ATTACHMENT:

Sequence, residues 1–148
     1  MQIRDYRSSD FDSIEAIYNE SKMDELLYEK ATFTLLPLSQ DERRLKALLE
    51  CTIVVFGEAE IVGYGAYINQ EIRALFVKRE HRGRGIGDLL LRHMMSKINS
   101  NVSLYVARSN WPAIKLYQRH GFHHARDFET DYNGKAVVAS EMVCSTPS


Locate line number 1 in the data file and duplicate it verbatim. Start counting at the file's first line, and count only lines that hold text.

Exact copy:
Sequence, residues 1–148